• Much as we’re always asked to, you can’t do more with less. It’s more a question of making the less better - quality rather than quantity. So my first tip is an obvious one: say no. But not just to the things you don’t want to do, sometimes you should also say no to things you DO want to do, which is much harder. One of the things I liked about working in a small library was that I got to do a bit of everything. But for the sake of my sanity I’ve had to take some fingers out of some pies. I also blame social media for my pie-covered fingers, as my avid reading of Twitter and library blogs were giving me glimpses into so many interesting ideas and developments and events, and offering the illusion of keeping on top of it all with lists, digests and RSS feeds. But it can’t be done! A narrower focus isn’t going to make you a bad librarian, and sometimes it’s better not to know what you’re missing. So unsubscribe and unfollow – ignorance can be bliss!
  • You can’t manage time. You especially can’t make more of it, no matter how organised you are. What you can do is manage yourself, and other people’s expectations. A really useful approach when you’re trying to work out when and if you can deliver something is to remember the difference between effort and duration. A task may involve 7 hours’ worth of effort but if you have a full day of meetings and then a day’s leave before you can start it, you need to budget 3 days to do it, and tell other people that that’s how long it will take. Sounds obvious, but we don’t always remember to think of tasks that way and that’s how we fall behind.
  • I’m being a bit reductive here but cataloguing is essentially a linear process – something is not catalogued, we follow some steps, then it is. Collaborative work is subject to a lot more iterations, delays, conflicts and shades of grey – there’s no single point in my project where I can say ‘that relationship has been successfully managed’. Other people always have an agenda, and their goal for the project may not be quite the same as mine. It’s also pretty scary starting a new role from a point of knowing nothing. So a useful mindset to get into is one where you believe that nobody wants you to fail (because after all, why would they?), something that’s also known as ‘reverse paranoia’. The more reverse paranoid we can be, the more we’ll be able to develop as cataloguers, and beyond...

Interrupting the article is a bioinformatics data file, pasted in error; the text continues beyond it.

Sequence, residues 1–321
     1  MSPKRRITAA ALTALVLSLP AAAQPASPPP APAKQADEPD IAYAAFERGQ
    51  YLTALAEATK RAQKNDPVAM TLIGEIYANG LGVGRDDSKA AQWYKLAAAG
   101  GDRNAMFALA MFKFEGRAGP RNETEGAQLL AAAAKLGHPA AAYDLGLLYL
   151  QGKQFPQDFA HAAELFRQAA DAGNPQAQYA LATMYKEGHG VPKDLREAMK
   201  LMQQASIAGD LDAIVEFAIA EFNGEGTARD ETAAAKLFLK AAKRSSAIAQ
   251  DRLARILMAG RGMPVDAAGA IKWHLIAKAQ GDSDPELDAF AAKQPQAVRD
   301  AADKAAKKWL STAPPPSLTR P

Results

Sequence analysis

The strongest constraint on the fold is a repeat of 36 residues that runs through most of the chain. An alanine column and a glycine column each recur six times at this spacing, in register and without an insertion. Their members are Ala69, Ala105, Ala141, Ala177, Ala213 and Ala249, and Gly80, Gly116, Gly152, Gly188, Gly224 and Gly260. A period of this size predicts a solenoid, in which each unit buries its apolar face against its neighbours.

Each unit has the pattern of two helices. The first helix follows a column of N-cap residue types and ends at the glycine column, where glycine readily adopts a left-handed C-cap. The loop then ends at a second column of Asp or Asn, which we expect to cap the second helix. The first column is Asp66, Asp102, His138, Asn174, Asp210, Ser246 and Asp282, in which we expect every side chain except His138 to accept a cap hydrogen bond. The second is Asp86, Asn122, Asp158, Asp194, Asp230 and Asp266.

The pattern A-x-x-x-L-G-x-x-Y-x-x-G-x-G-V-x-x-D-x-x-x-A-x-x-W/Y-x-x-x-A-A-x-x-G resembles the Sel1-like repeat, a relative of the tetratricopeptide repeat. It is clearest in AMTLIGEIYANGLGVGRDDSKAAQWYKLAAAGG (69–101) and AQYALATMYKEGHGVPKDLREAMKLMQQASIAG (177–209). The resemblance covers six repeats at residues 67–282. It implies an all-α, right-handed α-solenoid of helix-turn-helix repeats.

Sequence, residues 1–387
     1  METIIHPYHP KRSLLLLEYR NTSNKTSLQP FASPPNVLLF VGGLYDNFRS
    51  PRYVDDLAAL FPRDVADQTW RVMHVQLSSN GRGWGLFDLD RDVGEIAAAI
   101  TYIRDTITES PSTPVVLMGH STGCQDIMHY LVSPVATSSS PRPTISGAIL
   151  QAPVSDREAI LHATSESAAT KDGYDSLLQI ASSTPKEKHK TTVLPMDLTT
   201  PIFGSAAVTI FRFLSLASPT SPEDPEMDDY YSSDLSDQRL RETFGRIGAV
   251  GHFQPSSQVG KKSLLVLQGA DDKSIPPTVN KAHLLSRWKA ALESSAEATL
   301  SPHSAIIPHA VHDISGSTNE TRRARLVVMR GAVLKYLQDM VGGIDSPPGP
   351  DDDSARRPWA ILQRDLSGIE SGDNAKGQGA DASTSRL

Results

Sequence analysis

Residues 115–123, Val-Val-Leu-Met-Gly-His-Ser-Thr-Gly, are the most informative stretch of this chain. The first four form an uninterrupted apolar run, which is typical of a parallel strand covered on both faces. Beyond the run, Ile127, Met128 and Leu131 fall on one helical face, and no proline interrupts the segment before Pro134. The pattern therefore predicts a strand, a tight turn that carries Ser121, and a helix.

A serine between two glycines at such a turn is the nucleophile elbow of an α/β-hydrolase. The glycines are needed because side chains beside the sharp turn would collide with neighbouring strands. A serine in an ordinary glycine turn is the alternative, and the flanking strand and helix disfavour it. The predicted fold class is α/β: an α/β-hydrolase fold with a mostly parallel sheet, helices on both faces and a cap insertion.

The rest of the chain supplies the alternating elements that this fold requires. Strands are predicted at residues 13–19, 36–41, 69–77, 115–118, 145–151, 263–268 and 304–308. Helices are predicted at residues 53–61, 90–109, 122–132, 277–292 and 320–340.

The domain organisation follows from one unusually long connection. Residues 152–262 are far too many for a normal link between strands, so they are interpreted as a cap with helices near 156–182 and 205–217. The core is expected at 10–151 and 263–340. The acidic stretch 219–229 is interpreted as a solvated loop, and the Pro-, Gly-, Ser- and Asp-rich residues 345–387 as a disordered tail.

• Trigger's cataloguer: professional development by default

    1. 1. Trigger’s cataloguer:professional development by default Rachel Playforth Repository Coordinator British Library for Development Studies @archelina
    2. 2. 17 new heads and 14 new handles
    3. 3. A cataloguer by any other name?
    4. 4. Anatomy of a repository coordinator  50% digitisation project coordination and repository work  30% cataloguing and indexing  20% other stuff
    5. 5. First, catch your expert  Who else is doing this?Photo by amanda_ascani on Flickr  Are they doing it better?  Can they teach me?  Can they do it instead?
    6. 6. Don’t lose (authority) control Photo by Hada del lago on Flickr  Be strategic, not passive  Be prepared to find a new passion  Make a clean break
    7. 7. Doing less with less  Say no (even to the good stuff)  Specialise  Embrace ignorance Photo by strangelibrarian on Flickr
    8. 8. The myth of time managementBeing organised /= more  More organised ≠ more time time  Manage expectations insteadEffort vs duration  Effort vs durationPhoto by MyEyeSees on Flickr
    9. 9. They are not a (call) number  Linear cataloguing vs non- linear people  Everyone has an agenda, but...  Be ‘reverse paranoid’Photo by katiemarinascott on Flickr
    10. 10. Thank you Rachel PlayforthBritish Library for Development Studies @archelina @blds_library